Welsh information

Inspiration from across the pond

By Incredible Edible


Urban food growing continues to too often be considered ‘fringe’ by authorities in the UK despite studies showing that the UK could grow up to 40% of its own fruit and vegetables by using urban green spaces and that urban agriculture positively contributes to subjective and objective measures of food security.

However, looking across the pond to fellow food-justice fighters in the USA there are some amazing examples of authorities wholeheartedly supporting urban food growing for communities.

In 2019 Philadelphia Parks & Recreations department began work on a city-wide urban agriculture plan called “Growing from the Root”. The plan, which was released in April 2023, uplifts Philadelphia’s rich history of urban farming and gardening and Confronts the legacy of structural racism and land-based oppression in the city. Additionally, the plan set out a 10-year framework for investing in agriculture and food justice with recommendations to the City and its partners on how to achieve the plan’s goals.

“Urban agriculture has the power to increase local food production and to address hunger and food apartheid, biodiversity loss, soil degradation, waste, and climate crisis. We can build a racially and economically just 21st-century local food system if we redistribute and invest long-term resources to build sustainable infrastructure for agriculture in the city.” – Philadelphia Parks and Recreation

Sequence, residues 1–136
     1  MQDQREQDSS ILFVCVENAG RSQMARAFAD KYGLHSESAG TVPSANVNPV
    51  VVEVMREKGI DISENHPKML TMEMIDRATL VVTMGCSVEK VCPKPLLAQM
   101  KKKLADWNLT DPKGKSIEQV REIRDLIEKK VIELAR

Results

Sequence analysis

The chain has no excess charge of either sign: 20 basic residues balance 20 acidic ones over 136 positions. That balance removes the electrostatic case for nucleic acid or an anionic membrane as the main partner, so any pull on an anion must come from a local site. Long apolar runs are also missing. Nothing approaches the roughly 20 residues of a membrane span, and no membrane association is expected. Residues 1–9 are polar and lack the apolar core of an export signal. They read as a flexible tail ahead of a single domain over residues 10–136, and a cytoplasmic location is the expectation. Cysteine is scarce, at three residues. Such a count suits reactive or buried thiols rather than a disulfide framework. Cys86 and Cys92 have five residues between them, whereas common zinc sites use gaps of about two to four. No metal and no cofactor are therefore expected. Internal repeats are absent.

The plan is made up to 6 core goals including increasing access to growing space in all neighbourhoods, building long-term support for urban agriculture into the City’s infrastructure, policies and programs and recognising the role urban agriculture can play in the lives and livelihoods of people and communities.

Meanwhile, New York City has over 550 registered community gardens that are supported by the City’s Parks Department via their GreenThumb program, which celebrated its 45th year of operation in 2023. The GreenThumb program has a team of coordinators who support the gardens, and the groups can order bulk materials such as soil, compost, woodchips, mulch, lumber, and landscape fabric for free through the program, as well as access support with things like leases and water access as well as training on garden design, carpentry for gardens, and group development and organising.

“GreenThumb gardens create hubs of neighborhood pride and provide a myriad of environmental, economic and social benefits to the neighborhoods in which they thrive. GreenThumb’s mission is to support and educate community gardens and urban farming across the five boroughs, while preserving open space. By providing free garden materials, technical assistance, educational workshops, and seasonal programs, GreenThumb supports neighborhood volunteers who steward community gardens as active resources that strengthen communities.” – New York Park Department

This culture of support for community gardens means that the city is also home to 700 school gardens, 700 gardens on New York City Housing Authority land, and about 100 gardens in land trusts.